Because boxing is a considered an illegal and disreputable enterprise in 1880's San Francisco, wealthy and influential members of the prestigious Olympic Club vow to make the sport a "gentlemanly" one. They sponsor a brash, extroverted young bank clerk named Jim Corbett, who quickly becomes an accomplished fighter under the new Marquis of Queensbury Rules. Despite his success, the young Irish-American's social pretensions and boastful manner soon estrange him from his benefactors, who plot to give their conceited former protege a well-deserved comeuppance. Despite this, his dazzlingly innovative footwork helps him to beat a succession of bigger and stronger men, and he finally finds himself fighting for the world's championship against his childhood idol, John L. Sullivan. Written by
Gabe Taverney (firstname.lastname@example.org)
The grandest story of the Naughty "Nineties" becomes the gayest picture of the Fighting "Forties!"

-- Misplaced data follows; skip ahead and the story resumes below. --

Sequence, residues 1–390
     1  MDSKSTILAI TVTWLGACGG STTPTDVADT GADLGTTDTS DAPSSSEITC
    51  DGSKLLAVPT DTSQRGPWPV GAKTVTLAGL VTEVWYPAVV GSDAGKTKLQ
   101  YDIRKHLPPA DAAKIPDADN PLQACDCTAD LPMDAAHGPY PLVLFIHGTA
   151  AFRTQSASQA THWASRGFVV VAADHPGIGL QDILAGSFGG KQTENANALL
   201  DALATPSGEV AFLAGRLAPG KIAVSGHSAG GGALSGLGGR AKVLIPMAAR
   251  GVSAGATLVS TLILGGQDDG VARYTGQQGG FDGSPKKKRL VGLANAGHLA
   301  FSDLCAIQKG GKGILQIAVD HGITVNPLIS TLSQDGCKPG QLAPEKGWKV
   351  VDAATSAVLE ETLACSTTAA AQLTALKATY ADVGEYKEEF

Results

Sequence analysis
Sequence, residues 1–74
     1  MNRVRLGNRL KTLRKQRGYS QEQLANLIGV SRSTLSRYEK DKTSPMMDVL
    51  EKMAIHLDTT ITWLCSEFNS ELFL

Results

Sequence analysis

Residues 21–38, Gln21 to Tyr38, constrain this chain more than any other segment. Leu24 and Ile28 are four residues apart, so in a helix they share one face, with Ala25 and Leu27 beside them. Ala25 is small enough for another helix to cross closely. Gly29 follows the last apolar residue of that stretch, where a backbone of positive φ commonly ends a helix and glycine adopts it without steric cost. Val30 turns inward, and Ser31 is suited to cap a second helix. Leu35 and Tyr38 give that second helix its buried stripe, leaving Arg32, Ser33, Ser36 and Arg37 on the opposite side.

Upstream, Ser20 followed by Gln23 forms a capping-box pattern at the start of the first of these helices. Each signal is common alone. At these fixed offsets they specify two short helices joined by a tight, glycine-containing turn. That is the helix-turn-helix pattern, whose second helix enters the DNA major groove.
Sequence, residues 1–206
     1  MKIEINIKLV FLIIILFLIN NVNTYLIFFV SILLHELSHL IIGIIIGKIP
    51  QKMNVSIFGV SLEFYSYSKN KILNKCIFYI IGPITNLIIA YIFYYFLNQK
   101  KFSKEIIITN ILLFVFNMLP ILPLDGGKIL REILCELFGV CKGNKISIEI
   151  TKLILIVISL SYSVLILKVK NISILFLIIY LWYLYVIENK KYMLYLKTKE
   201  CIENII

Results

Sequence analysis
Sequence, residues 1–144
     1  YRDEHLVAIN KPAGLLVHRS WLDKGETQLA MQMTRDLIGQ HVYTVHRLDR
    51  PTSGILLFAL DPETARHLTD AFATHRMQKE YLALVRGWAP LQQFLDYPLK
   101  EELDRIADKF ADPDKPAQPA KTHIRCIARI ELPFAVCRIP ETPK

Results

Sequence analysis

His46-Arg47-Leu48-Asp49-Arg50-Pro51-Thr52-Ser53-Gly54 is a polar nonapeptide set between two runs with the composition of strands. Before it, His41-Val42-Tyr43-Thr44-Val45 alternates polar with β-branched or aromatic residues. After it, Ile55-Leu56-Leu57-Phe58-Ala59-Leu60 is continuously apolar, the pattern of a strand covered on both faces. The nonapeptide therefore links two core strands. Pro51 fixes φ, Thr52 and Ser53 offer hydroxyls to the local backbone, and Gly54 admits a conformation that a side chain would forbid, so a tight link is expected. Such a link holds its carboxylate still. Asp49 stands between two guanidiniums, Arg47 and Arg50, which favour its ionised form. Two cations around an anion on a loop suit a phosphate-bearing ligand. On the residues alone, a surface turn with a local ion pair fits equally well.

Did You Know?
Former Junior Welterweight champion Mushy Callahan not only trained Flynn for the film's fight sequences, his feet doubled for the actor in the shots that showed off his famous footwork. See more
In the bank the day after the first fight (and their arrest with the bank director for attending it), Corbett (Flynn) and Lowrie (Carson) decide they should resign preemptively, rather than wait to be fired. However, Corbett gets a raise instead and returns from his boss's office to tell his pal Lowrie about it. As he talks, he's counting a stack of "money" of which only the top and bottom sheets appear genuine. The other "notes" are all blank sheets of paper. See more
James J. Corbett aka Gentleman Jim
[Looking at an enormously oversized derby he has been given by Victoria as a joke
Well, it wouldn't take many of these to make a dozen. How'd you guess my size?
The Wearing of the Green
(ca 1798) (uncredited)
Traditional Irish folk tune
In the score during the opening credits and occasionally in the score See more